Some players are very easy to read, others are not. Most players never get beyond the most basic level of deception — if they’ve got a weak hand they act strong and if they have a strong hand, they act weak. And some players are better than others at reading people, which is also useful information to a good player. I’ll give you a great example from a few weeks ago. I’m playing in a no limit hold em cash game with a guy who is extremely loose aggressive, the kind of guy we refer to as a maniac. He’ll play any cards in any position for any amount of money, with no regard for what the other players might have and no consideration of what his odds are of winning the hand.
I’ve got position on him, so he has to act first. I’m dealt pocket kings. He raises pre-flop in front of me, I reraise him (knowing he’ll call anything). The flop comes K-10-2, so I’ve flopped top set (three of a kind with the highest card on the board). Despite the fact that I raised him preflop, he bets into me (most players would check there), and I raise him again because I know that no matter what he has, he’s unlikely to fold. The turn card is another 10, which is absolutely perfect for me because it gives me a full house, a virtually unbeatable hand in that situation. He bets into me again, at which point I decide to do a little hollywooding — that is, a rather dramatic acting job. “Goddammit. Did you just hit your set of 10s on me?” I said. I wanted him to think that I had something like AK. I think about it for a minute, acting like I was really agonizing over the decision before I called his bet. We call this a crying call. I’m trying to induce him to bet again on the river, of course, and he does exactly that. I move all in after that and he calls me and I get all his chips.
Now while this was going on, a couple of the other players at the table are practically biting their lips to keep from laughing out loud because they know exactly what I had and what I was doing. When he called my all in, one of the guys at the other end of the table says loudly, before I turned up my hand, “Ed has to have pocket kings.” They all could read me because I’d made it so obvious through my dramatic fake tells. And I would never have done that if I was up against the guy who said that because I know he would see through it. But my opponent in that hand is just a completely clueless player and I knew it would work on him. So understanding how well another player can read you is a big help in knowing how to get the most money out of them.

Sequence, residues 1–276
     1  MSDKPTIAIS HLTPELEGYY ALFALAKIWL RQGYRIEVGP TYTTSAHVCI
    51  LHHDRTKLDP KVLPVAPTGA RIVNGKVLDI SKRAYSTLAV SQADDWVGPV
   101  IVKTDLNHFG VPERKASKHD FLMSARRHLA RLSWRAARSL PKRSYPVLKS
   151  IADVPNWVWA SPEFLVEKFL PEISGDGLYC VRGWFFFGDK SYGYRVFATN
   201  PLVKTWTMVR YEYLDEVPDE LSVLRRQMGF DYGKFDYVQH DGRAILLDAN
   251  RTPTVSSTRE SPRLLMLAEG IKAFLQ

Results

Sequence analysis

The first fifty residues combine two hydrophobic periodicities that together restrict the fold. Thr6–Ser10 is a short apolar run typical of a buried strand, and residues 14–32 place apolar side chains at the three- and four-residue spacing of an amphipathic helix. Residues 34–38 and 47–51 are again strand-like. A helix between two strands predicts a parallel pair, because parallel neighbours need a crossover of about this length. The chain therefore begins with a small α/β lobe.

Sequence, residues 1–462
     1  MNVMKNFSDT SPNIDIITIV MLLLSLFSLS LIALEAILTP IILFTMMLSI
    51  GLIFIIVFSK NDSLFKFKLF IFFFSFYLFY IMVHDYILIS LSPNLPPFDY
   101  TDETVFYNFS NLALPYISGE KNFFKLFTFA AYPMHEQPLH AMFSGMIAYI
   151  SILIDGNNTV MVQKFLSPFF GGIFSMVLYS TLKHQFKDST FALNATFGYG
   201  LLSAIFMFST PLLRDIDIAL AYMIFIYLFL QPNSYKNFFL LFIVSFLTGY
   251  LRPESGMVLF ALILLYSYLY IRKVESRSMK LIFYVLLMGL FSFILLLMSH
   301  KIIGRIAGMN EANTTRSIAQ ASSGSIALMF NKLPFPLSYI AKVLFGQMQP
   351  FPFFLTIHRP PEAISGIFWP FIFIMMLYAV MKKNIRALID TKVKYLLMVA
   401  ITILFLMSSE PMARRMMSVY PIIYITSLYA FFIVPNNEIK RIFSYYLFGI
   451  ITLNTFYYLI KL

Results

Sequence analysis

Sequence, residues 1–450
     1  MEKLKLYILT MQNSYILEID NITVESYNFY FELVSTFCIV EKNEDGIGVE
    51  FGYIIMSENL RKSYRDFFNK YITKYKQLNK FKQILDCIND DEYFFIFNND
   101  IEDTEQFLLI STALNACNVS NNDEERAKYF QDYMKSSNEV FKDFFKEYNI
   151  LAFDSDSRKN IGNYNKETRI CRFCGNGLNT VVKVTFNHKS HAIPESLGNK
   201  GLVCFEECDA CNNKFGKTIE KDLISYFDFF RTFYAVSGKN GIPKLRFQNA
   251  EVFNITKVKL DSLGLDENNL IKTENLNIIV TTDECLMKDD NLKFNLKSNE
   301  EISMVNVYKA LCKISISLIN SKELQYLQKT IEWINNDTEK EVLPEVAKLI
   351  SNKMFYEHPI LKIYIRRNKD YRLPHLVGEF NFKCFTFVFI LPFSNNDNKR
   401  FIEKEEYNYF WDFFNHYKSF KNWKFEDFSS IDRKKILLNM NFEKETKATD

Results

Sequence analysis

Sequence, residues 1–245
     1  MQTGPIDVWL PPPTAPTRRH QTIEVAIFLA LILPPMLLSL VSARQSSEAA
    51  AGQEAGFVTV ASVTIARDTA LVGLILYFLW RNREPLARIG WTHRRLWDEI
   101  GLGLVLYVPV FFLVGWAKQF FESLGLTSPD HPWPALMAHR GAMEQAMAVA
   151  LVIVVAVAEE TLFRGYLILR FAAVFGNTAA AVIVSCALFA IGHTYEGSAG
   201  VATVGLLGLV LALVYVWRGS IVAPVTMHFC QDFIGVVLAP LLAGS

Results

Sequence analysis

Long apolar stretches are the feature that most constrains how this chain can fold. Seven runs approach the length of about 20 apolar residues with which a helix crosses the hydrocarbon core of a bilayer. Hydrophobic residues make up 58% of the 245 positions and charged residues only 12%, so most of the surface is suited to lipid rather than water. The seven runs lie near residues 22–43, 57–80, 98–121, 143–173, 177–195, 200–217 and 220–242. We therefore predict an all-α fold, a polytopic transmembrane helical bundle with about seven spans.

And by the way, it could also work the other way. If I was in a hand with the player who called my hand and knew what I had, I could also use that as an opportunity to make a similar move against him when I’m bluffing. He is likely to think I was slowplaying a really big hand if he sees me doing that again. On the other hand, he might also think, “He’s making it look obvious that he slowplayed a huge hand here” and interpret that as a bluff. On the third hand, I might be able to use that to my advantage and know that he would think that and therefore do it that way to make him think I’m bluffing when I’m not. This is what makes poker so much fun, it’s all about psychology.
Really bad players only think “What do I have in my hand?” Better players think “What do I have in my hand and what does my opponent have?” Good players think “What do I have, what does my opponent have and what does my opponent think I have?” Great players think “What do I have, what does my opponent have, what does he think I have, and how can I make him think I have something different than I do?” It’s a big psychological chess game.
Anyway, I hope the three people that bothered to read this got something out of it.